If this virulence marker is necessary for an influenza virus to become highly pathogenic in humans or in chickens, then the current swine virus doesn’t have what it takes to become a major killer.
    Please, it is important that our officials stop crying wolf. If they do this too many times, the world will no longer respond to the next real pandemic.


    http://www.timesonline.co.uk/multime...85_351181a.jpg

    Wise.
    Last edited by Wise Young; 05-03-2009 at 03:26 PM.

  2. #2
    C5/6 incomplete

    "I assume you all have guns and crack....."

  3. #3
    Senior Member Timaru's Avatar
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    Poor old Mexico, as if it didn't have enough problems......

    http://www.guardian.co.uk/world/2009...e-flu-backlash

  4. #4
    The truth behind Egypt's decision to kill 300,000 pigs may be politics, not ignorance:

    Egypt is predominantly Moslem , you all know that. Egypt has Christians, the biggest group are the Copts, but there are other denominations. A small group of Copts are the Zabaleen. Who are the Zabaleen and what does all have to do with Egyptian politics and economy?

    Zabaleen basically pick up all the rubbish, or garbage. They have done this in Egyptian cities for centuries. What they also do is use the organic material to feed their pigs. They raise pigs and sell them on an as needed basis. The service they provide is incredible. Daily pick up and no charge. They basically recycle pretty much all the material.

    For some time now, part of the modernization and continued corruption of Egypt by the Mubarak dynasty, they have wanted to take away that work from the Zabaleen and give garbage contracts to corporations that will do the service for a price. Trucks sold by European companies, contracts, charges etc. Of course the reasons used are sanitation, public health. Instead, they should be looking for a way to help the Zabaleen enter into modern methods and sustain their way of living.

    So, what an excuse, the swine flu. Now the Egyptian government wants to slaughter the 300,000 pigs owned by Zabaleen for the prevention of the swine flu. The original decree was that the Zabaleen would be compensated for the pigs, but now they are saying that since they can sell the pigs, they will not be compensated.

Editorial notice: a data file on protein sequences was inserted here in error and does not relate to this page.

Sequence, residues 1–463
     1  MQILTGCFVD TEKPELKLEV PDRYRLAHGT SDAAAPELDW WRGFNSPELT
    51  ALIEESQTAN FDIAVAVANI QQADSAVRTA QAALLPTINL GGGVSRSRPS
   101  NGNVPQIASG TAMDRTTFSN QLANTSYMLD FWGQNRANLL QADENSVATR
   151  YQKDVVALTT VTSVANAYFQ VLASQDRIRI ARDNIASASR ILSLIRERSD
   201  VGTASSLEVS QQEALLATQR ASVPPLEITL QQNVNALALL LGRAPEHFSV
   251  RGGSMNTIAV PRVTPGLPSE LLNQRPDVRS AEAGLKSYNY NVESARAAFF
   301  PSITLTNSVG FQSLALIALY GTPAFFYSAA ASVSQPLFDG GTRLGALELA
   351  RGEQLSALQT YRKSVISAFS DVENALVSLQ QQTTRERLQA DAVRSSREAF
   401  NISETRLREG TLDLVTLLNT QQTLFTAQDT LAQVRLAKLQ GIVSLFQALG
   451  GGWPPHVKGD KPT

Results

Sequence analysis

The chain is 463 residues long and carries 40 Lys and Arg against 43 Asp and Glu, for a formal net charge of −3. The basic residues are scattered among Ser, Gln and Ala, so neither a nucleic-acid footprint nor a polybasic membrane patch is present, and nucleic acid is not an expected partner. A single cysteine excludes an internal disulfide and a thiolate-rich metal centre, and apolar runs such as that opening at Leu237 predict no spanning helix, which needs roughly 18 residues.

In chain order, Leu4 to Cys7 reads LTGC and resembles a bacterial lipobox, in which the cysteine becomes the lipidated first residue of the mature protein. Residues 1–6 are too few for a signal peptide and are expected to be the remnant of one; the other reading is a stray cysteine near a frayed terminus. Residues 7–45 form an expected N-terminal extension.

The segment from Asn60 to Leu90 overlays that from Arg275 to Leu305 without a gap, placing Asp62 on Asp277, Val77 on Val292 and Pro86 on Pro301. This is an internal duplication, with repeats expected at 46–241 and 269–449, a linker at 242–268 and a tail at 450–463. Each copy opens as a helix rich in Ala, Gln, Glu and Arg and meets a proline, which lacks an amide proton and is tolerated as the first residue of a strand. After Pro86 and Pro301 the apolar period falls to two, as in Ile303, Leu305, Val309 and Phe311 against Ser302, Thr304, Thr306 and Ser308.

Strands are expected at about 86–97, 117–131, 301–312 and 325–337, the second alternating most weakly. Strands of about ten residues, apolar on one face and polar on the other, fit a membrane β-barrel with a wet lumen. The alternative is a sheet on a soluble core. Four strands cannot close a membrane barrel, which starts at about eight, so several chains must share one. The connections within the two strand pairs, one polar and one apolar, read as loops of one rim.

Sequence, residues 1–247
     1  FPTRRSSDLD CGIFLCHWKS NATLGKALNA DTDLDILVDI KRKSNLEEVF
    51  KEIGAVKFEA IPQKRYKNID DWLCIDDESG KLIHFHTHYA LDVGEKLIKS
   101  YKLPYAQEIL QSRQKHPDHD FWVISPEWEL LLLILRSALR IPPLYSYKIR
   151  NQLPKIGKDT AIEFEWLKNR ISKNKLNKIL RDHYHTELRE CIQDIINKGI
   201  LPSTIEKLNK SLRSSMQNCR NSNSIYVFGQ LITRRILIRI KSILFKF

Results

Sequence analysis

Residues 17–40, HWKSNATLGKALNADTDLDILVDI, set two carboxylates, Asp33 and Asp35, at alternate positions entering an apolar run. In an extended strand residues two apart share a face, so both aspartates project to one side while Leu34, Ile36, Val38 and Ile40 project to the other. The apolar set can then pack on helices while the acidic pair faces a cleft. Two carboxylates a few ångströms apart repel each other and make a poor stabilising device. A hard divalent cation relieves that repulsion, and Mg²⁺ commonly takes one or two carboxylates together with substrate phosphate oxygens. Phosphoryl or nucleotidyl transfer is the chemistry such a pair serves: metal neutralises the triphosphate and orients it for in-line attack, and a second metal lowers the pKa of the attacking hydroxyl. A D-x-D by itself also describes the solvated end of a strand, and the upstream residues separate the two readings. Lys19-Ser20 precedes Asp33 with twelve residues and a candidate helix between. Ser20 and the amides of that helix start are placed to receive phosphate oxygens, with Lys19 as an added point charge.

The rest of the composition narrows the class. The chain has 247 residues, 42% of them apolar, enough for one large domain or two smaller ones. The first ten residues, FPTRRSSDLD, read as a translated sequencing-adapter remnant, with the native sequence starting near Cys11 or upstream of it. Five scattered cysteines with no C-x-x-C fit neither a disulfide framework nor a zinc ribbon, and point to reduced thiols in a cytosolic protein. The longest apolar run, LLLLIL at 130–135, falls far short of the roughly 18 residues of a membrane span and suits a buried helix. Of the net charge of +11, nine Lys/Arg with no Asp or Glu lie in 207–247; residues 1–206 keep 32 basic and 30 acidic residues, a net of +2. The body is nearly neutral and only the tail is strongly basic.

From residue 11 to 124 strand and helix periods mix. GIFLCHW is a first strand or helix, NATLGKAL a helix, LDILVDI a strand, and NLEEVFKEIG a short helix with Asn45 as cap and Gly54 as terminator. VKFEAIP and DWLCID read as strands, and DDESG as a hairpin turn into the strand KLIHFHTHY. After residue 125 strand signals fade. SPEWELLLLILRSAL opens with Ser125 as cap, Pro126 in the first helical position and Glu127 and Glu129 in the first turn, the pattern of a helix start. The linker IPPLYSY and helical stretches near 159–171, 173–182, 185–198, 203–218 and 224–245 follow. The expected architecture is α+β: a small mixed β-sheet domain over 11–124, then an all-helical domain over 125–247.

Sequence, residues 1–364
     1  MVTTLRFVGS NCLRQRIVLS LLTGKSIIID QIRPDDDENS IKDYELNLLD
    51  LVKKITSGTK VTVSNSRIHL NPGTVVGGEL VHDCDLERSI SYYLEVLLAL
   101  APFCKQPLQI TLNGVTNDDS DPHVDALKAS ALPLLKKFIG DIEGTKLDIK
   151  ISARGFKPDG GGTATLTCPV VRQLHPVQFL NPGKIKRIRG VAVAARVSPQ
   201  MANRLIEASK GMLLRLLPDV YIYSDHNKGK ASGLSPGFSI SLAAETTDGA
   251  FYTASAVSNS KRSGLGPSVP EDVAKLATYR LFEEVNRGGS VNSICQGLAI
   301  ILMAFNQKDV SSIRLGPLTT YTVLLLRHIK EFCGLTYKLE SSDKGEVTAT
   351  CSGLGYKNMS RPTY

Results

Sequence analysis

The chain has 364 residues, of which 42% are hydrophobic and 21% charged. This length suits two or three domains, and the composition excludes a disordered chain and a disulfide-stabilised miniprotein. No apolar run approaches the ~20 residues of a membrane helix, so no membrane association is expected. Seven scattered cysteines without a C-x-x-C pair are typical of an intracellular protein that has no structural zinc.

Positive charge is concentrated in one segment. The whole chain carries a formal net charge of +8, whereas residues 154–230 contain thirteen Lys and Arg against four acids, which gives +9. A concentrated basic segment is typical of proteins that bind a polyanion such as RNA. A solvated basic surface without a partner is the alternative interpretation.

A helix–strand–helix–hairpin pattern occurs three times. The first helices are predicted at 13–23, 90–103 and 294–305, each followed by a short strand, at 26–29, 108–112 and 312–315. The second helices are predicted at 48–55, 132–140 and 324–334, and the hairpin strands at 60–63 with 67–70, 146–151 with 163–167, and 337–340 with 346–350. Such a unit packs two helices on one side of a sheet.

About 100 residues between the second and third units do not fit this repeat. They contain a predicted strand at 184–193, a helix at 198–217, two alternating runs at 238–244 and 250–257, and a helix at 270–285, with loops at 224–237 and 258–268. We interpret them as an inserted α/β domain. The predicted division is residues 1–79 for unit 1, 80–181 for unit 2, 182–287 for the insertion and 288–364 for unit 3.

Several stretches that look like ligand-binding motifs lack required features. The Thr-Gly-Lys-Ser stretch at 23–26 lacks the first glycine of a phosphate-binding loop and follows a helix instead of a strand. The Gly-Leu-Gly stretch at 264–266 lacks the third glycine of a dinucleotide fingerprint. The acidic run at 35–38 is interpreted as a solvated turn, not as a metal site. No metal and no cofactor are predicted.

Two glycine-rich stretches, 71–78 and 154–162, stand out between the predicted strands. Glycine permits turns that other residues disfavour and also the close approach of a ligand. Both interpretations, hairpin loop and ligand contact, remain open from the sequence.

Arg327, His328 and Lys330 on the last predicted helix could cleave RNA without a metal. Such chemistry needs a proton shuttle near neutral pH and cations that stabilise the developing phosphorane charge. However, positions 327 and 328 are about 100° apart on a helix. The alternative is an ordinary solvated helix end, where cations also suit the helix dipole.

Much more at the (Source)

  5. #5
    Religion and fear can really fuck with human minds.


  6. #6
    http://www.who.int/csr/disease/swineflu/en/index.html

    Current situation

    4 May 2009 -- As of 06:00 GMT, 4 May 2009, 20 countries have officially reported 985 cases of influenza A (H1N1) infection.
    Numbers of laboratory-confirmed cases and deaths
    Maps of laboratory-confirmed cases and deaths
    What is the basis of all the fear surrounding this flu virus? Basically, if you read between the lines, the WHO and CDC have the capability of mobilizing the health resources of the world to prevent a pandemic.

    An influenza pandemic

    An influenza pandemic occurs when a new influenza virus appears against which the human population has no immunity, resulting in epidemics worldwide with enormous numbers of deaths and illness. With the increase in global transport, as well as urbanization and overcrowded conditions, epidemics due the new influenza virus are likely to quickly take hold around the world.

    Outbreaks of influenza in animals, especially when happening simultaneously with annual outbreaks of seasonal influenza in humans, increase the chances of a pandemic, through the merging of animal and human influenza viruses. During the last few years, the world has faced several threats with pandemic potential, making the occurrence of the next pandemic a matter of time.

    Consequences of an influenza pandemic

    In the past, influenza pandemics have resulted in increased morbidity and mortality and great social disruption. In the 20th century, the most severe influenza pandemic occurred in 1918 -1919 and caused an estimated 40–50 million deaths world wide. Current epidemiological models project that a pandemic could result in 2 to 7.4 million deaths globally.

    If an influenza pandemic were to occur today, we could expect:

    * the pandemic virus to spread rapidly due to the high level of global traffic;